Band Stand: Those heard but sometimes ... not seen - Shining a light on the vision for band preservation in Jamaica
Have you ever been at a stage show that consists of acoustic performances by your favourite recording artistes backed by a band? No prerecorded music, just the sweet melody created by a bass player, drummer, guitarist and saxophonist. Wasn't the music just right?
Today, The Sunday Gleaner begins its journey behind the scenes with these bands in our new series - Band Stand. We will explore the reach of the notes which are far wider than any on paper. The relationship between culture, and the preservation of bands locally, that harbours no illusions of the glamour and rewards of the local music industry but shows the impact on their lives.
In Jamaica, a band's visibility may vary across performances from pop-style bands with no more than five members, marching bands that embrace acrobatics and dance choreography, to concert bands that have as many as 50 members outfitted with a wide range of musical instruments.
Veteran reggae singer, bass player and foundation member of We The People Band, Lloyd Parkes, told The Sunday Gleaner, "There are not enough stages for live performances or the many bands that are present."
Bands have matured to not only provide support for vocal talents, but also play significant roles in community development and the non stop production of the cross-culturally appealing music that other countries have been known to imitate.
"When my career started, five, six, seven bands would be playing on one stage in a single night, but everything has changed. Bands keep the music alive; we need the help to preserve the music," Parkes said.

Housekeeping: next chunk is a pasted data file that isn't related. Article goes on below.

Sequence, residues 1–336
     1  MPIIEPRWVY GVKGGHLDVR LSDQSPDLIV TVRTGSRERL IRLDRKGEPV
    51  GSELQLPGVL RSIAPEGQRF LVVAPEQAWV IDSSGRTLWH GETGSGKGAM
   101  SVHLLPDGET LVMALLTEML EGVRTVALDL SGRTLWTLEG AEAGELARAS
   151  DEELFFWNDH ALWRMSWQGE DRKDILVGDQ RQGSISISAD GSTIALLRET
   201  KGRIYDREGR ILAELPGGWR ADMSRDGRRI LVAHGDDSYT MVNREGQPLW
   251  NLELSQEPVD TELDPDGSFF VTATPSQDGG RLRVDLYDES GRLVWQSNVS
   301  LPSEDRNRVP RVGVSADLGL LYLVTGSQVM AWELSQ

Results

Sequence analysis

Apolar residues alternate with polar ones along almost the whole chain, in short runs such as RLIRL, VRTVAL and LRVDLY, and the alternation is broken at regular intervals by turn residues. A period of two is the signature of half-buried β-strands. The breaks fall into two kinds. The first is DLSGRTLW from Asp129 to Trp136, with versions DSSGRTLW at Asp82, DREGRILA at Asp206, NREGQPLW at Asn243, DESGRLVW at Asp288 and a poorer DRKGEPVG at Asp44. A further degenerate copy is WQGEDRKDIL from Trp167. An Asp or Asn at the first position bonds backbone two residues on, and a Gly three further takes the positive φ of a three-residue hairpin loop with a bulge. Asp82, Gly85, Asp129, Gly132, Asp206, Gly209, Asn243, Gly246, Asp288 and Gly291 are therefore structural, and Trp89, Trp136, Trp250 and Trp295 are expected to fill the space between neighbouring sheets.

The reggae musician, who acted as a judge on the recent Jamaica's Best School Band (JBSB) competition, said that while talent is visible and interest in local music has been recognised globally, the bands in Jamaica are "hanging on".
PLAYING BY THE EAR
Roger Williams, dean at the Edna Manley College's School of Music, that has produced hit-making bands such as C-Sharp and Raging Fyah, notes that many of the musicians who have natural talent, usually play music by ear.
"While the rising talents will learn about their instruments in schools, a lot of them don't get a chance to take individual lessons before the move forward, which hinders technical development that includes reading music. There is never a lack of talent, just a lack of guidance," said Williams.
Adding to that, the dean said that acquisition of instruments by the schools and the musicians is equally challenging as, although considered tools of trade that under the fiscal incentives act passed in 2014 are exempt from import duties, they still carry a heavy price tag. Instruments if not bought out of pocket, are 'recycled' as a large percentage of funding or physical donations comes from overseas institutions.
"The private sector has been playing a prominent role in helping students from the primary level onwards to get financial support or even instrument donations, but some of this investment (by corporate companies locally) needs to go into providing scholarships for the actual learning; taking into consideration private lessons," he said.
Vinton Haughton, director of bands at the Sam Sharpe Teachers' College in Montego Bay, St James, is of the view that by having active representation, the goal of band preservation could be recognised by a wider audience. He pointed out that currently, there is also limited to no established association (similar to a Jamaica Association of Composers, Authors and Publishers) to build, educate and represent solely on behalf of the varied band types.
"It [the association] would take into consideration the physical, marketing and financial support. Bands are a social investment and we have yet to create a business model that is viable," said Haughton.